Last week we discussed what a ketogenic, or Keto, diet was, and how it related to other low-carbohydrate diets. The key difference is that in a keto diet, there is more reliance on lipids, or fats, for providing energy rather than carbohydrates or protein. A natural question regarding this approach is: are not fats bad for our hearts, our vessels, and for retaining fat on our bodies? While it is true that fatty deposits can cause atherosclerosis and heart disease, as well as be deposited as fat stores, the state of ketogenesis is designed to break down these fats through a process called lipolysis (lipo = fat, lysis = break down) and use the breakdown products (called ketone bodies, or ketones), for energy! Therefore, less fat is available to deposit in your vessels, your heart, and your love handles. That being said, no one should go overboard with either fat intake, since any excess over your energy needs will be stored in your body, or protein, which in excess can damage your kidneys.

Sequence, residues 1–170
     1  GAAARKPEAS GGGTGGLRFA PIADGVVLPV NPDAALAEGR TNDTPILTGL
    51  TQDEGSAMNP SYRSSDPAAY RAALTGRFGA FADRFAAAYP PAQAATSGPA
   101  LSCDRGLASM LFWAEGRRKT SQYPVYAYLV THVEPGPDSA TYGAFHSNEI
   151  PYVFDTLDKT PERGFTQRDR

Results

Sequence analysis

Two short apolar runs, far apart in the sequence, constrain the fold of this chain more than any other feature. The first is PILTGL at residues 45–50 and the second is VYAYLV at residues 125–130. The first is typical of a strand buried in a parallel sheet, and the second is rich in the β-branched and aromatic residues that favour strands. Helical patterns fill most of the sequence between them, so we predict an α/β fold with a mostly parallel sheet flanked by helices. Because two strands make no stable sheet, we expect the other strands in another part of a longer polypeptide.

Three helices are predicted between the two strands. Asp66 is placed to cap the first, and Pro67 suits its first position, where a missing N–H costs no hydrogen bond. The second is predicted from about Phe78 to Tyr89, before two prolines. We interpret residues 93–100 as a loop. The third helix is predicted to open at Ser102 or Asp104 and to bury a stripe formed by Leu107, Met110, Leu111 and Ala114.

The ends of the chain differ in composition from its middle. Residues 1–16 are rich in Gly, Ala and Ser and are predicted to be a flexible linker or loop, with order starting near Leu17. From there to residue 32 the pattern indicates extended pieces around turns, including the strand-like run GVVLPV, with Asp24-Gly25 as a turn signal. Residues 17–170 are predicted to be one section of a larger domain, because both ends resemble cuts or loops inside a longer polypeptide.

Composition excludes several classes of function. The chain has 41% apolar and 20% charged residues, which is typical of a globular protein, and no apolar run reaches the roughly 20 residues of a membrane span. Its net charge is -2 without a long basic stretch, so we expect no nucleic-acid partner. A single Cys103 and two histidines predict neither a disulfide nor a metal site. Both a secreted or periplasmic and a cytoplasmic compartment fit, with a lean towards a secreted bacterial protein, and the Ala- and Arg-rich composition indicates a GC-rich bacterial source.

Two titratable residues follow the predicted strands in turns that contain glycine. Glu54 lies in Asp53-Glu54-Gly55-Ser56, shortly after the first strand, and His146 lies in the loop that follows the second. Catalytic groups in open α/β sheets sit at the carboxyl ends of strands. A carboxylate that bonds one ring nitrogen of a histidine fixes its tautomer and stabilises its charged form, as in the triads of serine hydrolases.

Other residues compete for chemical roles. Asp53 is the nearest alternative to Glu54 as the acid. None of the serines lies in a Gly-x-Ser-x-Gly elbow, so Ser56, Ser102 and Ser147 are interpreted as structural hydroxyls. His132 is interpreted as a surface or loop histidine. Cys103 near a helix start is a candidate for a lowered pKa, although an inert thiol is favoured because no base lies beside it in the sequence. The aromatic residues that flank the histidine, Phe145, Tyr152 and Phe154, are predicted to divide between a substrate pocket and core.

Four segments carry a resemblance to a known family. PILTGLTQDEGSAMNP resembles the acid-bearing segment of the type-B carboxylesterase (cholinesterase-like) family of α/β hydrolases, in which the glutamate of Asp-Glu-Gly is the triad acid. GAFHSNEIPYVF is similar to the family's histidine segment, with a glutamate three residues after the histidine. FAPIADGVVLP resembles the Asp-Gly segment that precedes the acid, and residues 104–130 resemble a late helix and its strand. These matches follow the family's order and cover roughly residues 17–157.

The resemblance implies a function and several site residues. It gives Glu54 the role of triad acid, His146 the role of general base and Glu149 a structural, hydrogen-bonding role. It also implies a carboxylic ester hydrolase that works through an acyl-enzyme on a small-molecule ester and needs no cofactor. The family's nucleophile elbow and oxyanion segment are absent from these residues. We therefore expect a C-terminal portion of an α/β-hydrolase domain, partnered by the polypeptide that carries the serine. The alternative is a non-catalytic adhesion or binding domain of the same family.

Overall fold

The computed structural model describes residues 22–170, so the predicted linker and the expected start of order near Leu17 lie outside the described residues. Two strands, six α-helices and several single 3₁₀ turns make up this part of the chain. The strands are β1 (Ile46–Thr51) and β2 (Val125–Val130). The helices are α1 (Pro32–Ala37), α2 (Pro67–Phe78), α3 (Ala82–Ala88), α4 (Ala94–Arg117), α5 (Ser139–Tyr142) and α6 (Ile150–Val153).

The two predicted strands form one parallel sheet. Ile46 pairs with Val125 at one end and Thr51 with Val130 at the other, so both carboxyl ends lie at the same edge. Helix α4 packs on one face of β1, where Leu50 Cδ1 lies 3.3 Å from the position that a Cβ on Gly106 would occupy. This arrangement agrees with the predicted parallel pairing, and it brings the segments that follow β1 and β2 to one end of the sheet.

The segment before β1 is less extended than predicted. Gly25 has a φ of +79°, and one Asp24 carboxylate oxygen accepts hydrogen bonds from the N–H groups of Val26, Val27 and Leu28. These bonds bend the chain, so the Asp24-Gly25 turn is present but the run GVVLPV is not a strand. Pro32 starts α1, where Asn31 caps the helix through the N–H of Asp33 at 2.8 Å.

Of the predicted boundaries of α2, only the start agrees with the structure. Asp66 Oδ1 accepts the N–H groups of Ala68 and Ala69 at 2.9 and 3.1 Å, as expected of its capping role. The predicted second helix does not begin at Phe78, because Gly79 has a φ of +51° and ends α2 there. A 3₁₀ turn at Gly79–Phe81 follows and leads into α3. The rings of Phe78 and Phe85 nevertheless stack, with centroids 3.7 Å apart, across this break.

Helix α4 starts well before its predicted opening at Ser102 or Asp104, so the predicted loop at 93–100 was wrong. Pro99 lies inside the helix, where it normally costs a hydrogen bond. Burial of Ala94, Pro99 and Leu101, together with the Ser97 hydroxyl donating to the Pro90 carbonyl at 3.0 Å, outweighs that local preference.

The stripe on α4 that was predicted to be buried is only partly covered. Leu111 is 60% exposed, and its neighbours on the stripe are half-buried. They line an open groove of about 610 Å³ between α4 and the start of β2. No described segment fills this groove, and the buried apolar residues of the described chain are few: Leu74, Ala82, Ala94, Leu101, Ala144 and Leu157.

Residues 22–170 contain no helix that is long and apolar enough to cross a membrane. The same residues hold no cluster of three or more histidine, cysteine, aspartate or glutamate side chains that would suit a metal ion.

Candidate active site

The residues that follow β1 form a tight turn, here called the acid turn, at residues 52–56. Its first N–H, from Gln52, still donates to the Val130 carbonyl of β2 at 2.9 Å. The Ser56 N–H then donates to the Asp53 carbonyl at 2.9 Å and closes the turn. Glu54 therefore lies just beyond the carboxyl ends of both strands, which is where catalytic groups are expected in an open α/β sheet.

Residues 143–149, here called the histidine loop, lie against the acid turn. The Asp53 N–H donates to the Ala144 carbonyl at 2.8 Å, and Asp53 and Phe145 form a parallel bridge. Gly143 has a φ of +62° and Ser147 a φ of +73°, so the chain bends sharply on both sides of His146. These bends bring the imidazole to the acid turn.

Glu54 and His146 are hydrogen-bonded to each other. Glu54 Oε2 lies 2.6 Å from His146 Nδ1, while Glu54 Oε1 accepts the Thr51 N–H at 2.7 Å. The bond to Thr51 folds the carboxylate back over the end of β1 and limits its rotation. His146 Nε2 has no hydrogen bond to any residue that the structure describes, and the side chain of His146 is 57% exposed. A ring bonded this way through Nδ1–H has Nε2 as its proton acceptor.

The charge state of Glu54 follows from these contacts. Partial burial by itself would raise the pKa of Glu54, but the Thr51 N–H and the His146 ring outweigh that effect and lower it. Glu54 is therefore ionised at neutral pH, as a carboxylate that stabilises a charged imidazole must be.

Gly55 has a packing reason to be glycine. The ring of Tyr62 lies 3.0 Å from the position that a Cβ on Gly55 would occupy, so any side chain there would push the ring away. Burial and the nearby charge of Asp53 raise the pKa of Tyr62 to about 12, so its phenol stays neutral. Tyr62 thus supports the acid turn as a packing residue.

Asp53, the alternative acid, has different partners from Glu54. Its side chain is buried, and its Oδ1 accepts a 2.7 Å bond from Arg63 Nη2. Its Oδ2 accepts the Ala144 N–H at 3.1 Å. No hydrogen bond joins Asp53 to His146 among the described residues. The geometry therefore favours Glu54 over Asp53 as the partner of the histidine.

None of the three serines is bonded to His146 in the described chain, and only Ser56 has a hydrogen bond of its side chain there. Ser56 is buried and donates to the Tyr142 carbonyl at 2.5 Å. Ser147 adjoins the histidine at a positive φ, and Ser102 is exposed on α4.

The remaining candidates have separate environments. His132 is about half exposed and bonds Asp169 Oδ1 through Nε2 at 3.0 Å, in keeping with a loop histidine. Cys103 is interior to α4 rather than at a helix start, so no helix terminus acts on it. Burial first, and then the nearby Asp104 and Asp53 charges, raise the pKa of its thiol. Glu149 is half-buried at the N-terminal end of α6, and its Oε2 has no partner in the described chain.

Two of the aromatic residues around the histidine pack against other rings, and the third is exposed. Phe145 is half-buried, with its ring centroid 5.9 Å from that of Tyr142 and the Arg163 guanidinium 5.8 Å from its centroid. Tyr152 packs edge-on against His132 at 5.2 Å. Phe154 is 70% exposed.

A “Diet” is the sum of the food you consume. We often name our diets according to the goals they seek to achieve, whether it’s weight loss, fitness, or improvement of health problems like diabetes. Oftentimes, diets may be marketed in such a way that they come across as fads. In recent years, a common type of weight-loss diet is the low-carbohydrate, high-protein diet. There are three basic macronutrients we consume – sugars (or carbohydrates), proteins, and fat. These types of diets adjust the ratio of macronutrients to rely more on protein relative to sugar and fat. In some, but not all, cases, these types of diets may put your body into a state called ketosis.